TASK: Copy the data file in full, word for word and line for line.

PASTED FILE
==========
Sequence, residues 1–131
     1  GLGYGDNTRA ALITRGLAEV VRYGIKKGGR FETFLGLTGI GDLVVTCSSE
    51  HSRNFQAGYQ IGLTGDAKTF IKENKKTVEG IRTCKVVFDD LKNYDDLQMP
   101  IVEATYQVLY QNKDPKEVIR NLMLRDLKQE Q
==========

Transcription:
Sequence, residues 1–131
     1  GLGYGDNTRA ALITRGLAEV VRYGIKKGGR FETFLGLTGI GDLVVTCSSE
    51  HSRNFQAGYQ IGLTGDAKTF IKENKKTVEG IRTCKVVFDD LKNYDDLQMP
   101  IVEATYQVLY QNKDPKEVIR NLMLRDLKQE Q